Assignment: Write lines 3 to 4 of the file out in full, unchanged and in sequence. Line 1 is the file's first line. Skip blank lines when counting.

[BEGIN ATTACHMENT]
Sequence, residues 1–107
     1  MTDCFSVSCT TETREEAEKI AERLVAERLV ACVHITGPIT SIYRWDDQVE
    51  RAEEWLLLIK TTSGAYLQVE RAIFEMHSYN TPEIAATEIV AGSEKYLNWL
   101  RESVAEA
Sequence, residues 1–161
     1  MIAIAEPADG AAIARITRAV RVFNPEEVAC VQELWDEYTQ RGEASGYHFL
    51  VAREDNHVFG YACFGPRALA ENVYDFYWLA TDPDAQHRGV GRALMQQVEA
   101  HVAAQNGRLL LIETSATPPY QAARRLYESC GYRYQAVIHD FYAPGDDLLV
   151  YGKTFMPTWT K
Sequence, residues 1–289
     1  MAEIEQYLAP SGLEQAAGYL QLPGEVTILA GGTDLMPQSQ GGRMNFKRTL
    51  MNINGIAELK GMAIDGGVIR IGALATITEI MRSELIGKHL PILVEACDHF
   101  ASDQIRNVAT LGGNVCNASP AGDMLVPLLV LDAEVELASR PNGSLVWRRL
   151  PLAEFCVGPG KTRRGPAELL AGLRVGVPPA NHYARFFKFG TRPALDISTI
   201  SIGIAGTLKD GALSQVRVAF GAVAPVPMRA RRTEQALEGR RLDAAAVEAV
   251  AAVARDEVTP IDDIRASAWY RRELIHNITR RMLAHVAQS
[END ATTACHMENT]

    51  RAEEWLLLIK TTSGAYLQVE RAIFEMHSYN TPEIAATEIV AGSEKYLNWL
   101  RESVAEA